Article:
Figure 4 TX circuit design to generate a pulse with an anti-phase precursor. Source: imec.

imec’s UWB TX design is shown in Figure 4. It features a digital deserialization-serialization (DesSer) circuit to reduce the IPI. A two-bit amplitude and phase code at 499.2 MHz is first deserialized into two interleaved parallel paths running at 249.6 MHz. Each path employs the asynchronous pulse-shaper, producing 16 delayed sub-pulses, which together form a quantized Hamming pulse shape. The asynchronous shaping completely removes spectral images from which synchronous pulse-shaping systems suffer at the cost of a higher quantization noise floor. However, the quantization noise floor can be reduced by selecting sufficient quantization levels. The outputs of the two interleaved parallel asynchronous pulse-shapers are serialized by a digital serializer, either summing or subtracting them according to the polarity given by the phase code. Furthermore, the digital serializer extracts a new phase code signal, synchronizing it with the zero-crossing detection circuit, facilitating the phase transition without introducing spurious emissions.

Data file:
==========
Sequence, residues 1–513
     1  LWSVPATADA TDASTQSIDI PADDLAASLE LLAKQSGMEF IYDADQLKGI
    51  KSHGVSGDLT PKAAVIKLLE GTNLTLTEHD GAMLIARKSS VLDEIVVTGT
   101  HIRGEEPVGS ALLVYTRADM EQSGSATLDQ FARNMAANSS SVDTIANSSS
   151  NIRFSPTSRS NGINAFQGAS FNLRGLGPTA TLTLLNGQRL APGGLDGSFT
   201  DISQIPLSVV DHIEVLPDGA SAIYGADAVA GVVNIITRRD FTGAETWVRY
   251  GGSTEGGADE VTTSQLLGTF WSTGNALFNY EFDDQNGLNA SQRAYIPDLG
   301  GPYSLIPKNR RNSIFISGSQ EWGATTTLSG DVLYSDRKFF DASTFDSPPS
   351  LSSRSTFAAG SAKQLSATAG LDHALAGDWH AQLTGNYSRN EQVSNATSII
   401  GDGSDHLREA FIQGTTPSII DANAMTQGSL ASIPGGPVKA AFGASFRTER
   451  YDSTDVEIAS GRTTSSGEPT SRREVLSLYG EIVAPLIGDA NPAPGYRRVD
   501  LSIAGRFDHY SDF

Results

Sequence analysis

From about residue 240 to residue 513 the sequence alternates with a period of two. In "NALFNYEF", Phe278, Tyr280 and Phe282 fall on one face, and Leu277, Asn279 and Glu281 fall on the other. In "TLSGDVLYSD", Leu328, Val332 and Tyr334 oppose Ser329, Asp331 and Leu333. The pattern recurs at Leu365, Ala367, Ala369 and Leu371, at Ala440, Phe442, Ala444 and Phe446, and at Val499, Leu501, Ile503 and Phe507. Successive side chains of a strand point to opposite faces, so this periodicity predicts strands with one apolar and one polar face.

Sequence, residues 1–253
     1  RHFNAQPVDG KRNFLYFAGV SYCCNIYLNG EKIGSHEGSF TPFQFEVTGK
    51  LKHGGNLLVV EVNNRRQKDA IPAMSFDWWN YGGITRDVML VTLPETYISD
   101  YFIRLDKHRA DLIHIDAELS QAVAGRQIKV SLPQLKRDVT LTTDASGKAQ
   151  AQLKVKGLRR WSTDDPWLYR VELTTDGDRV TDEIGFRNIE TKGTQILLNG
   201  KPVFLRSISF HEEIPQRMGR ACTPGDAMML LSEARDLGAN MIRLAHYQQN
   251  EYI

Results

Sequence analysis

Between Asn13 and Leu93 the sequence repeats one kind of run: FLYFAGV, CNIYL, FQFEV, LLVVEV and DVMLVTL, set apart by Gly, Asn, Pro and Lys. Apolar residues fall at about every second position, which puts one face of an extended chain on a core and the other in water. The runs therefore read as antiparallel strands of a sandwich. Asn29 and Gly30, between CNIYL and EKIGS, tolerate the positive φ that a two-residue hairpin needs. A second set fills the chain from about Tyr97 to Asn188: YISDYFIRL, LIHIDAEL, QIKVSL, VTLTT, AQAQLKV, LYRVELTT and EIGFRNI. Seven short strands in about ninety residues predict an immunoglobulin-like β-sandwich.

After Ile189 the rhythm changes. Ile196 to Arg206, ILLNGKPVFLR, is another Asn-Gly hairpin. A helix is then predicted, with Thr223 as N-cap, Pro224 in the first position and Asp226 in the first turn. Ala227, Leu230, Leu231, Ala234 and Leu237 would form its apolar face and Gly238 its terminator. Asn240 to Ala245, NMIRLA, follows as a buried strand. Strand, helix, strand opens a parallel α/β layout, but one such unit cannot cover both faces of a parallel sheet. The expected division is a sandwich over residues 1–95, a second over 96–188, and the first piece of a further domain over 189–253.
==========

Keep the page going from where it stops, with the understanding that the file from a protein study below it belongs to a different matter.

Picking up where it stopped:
An additional parallel path generates a smaller precursor pulse with opposite polarity. A similar DesSer circuit digitally combines the precursor and main pulse path before the power amplifier. Switching between the anti-phase precursor and main pulse is also synchronized by a zero-crossing detection circuit to avoid generating spurious emissions.


Figure 5

Figure 5 Transmitter output signal and spectrum with and without precursor. Source: imec.

Experiments using imec’s IC implementation show that it effectively improves ToA measurement performance and UWB ranging precision. Figure 5 shows the performance improvement achieved by the TX while maintaining spectral compliance. The pulse mixing circuit, together with the resynchronization, maintains the sidelobe suppression of -35 dBc with and without precursor pulses. The addition of the precursor pulses reduces the rise time of the leading edge of the main pulse from 700 to 550 psec.

Using the precursor pulses has been shown to improve the precision of the difference in the ToA estimation by a factor of almost four. Care should be taken in extrapolating this difference result to general ranging performance due to limitations in measuring absolute ToA. However, the improvement is undoubtedly useful and arises from a combination of interrelated factors, including the pulse shape and the RX processing.